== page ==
‘Treat deodorant cans like cigarettes’
A GOLD Coast City councillor wants retail giants such as Coles and Woolworths to treat aerosol cans like cigarettes to stop kids as young as 11 bingeing on chemicals.
The number of youths being treated in the city's emergency departments for "chroming" has doubled in two years, according to new Gold Coast Health figures.
Police say the chemical abuse is particularly rampant among children between the ages of 11 and 13.
Chroming involves inhaling chemicals from aerosols to give a short but intense high. It has become popular because the cans are cheap and easily accessible.
Robina councillor Hermann Vorster has written to the Australian Retailers Association asking for retail heavyweights to record the thefts of household items such as deodorant and aerosol cans to stop "multiple deaths and severe injury" among vulnerable kids.
At present, there is no national data base. However, police and medical experts say chroming, while not illegal, has become an Australian-wide epidemic and is responsible for flow-on problems such as crime and long-term health issues.
"This is an escalating problem which is gripping communities across the Gold Coast," Cr Vorster said.
"It is clear our biggest retailers are not doing enough to disrupt the supply of potentially lethal drugs to minors.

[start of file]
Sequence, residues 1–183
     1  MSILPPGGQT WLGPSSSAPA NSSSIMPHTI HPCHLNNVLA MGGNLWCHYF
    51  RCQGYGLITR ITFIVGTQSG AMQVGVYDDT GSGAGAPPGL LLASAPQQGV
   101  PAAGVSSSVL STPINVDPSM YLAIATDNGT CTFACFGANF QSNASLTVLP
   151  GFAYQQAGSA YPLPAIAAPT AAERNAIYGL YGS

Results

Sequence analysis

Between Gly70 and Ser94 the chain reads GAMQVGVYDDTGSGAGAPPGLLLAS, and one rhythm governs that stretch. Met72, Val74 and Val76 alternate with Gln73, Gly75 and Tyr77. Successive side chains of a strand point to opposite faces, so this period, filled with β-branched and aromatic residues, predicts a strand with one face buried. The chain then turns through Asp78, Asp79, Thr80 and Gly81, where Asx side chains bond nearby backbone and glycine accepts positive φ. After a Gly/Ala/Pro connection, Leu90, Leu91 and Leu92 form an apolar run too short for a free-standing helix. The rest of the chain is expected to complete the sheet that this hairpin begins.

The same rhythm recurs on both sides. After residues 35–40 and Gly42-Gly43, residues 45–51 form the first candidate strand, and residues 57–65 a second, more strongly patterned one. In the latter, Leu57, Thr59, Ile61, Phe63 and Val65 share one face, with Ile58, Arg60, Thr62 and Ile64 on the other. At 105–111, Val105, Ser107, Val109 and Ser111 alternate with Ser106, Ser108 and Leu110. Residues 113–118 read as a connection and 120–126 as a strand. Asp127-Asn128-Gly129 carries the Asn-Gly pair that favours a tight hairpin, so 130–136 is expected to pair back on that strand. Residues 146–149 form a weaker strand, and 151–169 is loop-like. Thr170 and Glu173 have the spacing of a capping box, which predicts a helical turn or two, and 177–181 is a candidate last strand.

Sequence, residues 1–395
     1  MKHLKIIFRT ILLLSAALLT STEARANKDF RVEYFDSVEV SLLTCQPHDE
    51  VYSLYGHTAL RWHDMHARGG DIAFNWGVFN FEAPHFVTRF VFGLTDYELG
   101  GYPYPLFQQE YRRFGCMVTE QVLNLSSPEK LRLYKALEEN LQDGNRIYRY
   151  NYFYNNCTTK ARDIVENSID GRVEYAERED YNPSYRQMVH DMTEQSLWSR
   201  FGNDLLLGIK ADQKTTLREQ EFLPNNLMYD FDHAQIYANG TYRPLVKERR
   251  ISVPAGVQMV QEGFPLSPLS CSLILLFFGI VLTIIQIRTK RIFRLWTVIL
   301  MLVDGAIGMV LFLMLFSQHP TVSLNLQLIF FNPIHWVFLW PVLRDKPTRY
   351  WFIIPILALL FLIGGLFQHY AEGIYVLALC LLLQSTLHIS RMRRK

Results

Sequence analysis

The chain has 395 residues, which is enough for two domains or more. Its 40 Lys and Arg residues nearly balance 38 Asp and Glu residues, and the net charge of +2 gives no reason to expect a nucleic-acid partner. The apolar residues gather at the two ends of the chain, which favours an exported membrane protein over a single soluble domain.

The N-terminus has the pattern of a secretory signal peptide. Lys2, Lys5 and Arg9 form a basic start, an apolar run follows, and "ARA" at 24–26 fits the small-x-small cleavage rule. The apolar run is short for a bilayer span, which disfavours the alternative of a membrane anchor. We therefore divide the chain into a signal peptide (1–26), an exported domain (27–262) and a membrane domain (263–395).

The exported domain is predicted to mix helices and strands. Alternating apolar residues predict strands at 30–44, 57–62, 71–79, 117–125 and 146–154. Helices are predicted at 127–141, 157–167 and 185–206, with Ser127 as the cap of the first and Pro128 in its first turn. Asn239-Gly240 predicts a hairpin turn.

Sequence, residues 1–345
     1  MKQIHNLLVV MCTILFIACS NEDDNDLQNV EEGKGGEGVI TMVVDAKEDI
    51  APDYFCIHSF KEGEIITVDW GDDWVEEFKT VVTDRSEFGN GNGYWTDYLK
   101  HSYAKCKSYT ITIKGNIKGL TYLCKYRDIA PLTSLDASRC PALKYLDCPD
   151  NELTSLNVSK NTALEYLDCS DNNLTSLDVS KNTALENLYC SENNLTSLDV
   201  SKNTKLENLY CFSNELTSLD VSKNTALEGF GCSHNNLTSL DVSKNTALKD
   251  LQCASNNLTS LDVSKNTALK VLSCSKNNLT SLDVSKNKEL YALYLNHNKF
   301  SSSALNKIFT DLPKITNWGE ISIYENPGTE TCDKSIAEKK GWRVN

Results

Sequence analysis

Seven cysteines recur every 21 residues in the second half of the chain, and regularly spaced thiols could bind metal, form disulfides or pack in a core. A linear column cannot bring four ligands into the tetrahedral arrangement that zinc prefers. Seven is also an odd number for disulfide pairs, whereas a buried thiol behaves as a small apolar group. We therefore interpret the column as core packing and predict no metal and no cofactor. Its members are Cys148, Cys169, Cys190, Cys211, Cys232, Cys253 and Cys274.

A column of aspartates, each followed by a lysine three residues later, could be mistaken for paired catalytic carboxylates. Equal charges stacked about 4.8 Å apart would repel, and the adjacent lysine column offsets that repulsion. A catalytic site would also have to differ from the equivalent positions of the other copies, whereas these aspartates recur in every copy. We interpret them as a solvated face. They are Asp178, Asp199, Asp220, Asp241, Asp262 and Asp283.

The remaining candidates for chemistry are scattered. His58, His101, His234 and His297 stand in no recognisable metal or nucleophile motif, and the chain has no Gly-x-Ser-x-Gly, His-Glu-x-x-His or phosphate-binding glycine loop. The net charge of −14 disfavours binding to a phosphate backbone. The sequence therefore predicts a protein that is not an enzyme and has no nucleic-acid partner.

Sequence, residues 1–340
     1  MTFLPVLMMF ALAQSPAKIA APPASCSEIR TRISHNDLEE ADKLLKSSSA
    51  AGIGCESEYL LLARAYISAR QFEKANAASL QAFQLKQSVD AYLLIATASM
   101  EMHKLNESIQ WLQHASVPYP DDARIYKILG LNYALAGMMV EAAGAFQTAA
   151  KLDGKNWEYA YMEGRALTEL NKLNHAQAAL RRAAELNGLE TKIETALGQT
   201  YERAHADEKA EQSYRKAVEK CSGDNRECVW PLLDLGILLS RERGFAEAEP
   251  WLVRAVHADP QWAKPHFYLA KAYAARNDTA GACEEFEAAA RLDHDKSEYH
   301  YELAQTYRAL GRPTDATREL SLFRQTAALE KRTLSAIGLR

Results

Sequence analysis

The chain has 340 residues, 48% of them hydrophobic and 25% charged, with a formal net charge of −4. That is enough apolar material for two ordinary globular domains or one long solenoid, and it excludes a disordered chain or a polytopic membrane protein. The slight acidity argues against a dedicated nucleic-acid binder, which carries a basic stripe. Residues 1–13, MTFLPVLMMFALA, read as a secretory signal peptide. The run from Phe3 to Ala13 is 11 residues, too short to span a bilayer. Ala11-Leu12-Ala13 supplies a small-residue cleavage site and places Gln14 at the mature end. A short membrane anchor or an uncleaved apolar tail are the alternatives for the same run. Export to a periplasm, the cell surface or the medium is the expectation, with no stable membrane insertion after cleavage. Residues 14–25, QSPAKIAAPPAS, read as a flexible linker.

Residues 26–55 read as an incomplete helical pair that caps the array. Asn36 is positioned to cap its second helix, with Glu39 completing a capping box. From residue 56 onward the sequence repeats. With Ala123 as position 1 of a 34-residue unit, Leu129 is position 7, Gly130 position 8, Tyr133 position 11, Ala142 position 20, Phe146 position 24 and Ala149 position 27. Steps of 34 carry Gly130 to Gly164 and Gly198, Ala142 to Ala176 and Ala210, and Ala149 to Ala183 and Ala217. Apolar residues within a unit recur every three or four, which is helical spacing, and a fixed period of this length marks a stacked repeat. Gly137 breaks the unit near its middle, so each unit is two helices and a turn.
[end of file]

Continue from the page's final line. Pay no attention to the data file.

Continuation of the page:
"Aerosol cans have turned into a gateway drug which can lead young kids to experience harder substances.
"Shops which are found to have their stocks stolen at a higher rate should consider having the cans behind the counter in the same way that cigarettes are now sold."
Cr Vorster called for a new policy which would require retailers to report the theft of antiperspirant cans containing butane to police weekly.
The problem has got so bad that some business owners in Southport have stopped reporting the theft of aerosol cans to police because it is happening so often.
It also prompted Health Minister Steven Miles to last month call for a roundtable of retail industry officials and doctors to discuss the issue.
He told State Parliament the majority of people admitted to hospital over chroming use were aged between 10 and 19 years.
Gold Coast Health yesterday said the number of people treated for "inhalant" abuse had jumped from 27 in 2017 to 53 so far this year.
Senior Sergeant Stewart Reid, officer in charge of Coomera Police Station, yesterday told the Bulletin there had been a "disturbing trend" of children between ages 11 and 13 being found chroming.
"It is a trend which has been occurring across the nation for about three years and we have been putting in a lot of work in this space to get the message out there," he said.
"If you go around the Coast's transport hubs at night you will find kids with aerosol cans who may not be using it for personal hygiene.
"There has been a disturbing trend of young kids, around 12 or 13 especially, who are found huffing with older teenagers who are generally 15 or 16.
"This is really risky behaviour and it causes all sorts of health problems."
In September, the Bulletin revealed Broadbeach residents were at "breaking point" over a youth crime wave which involved young people chroming and using drugs in Nikiforides Park.
Gold Coast Medical Association president and addiction specialist Professor Philip Morris yesterday said chroming was a serious issue and backed Cr Vorster's call for greater regulation.
"Kids can get addicted to these substances which can cause damage to the brain and lungs," he said.
"Having shops keep the cans in more supervised areas would be appropriate."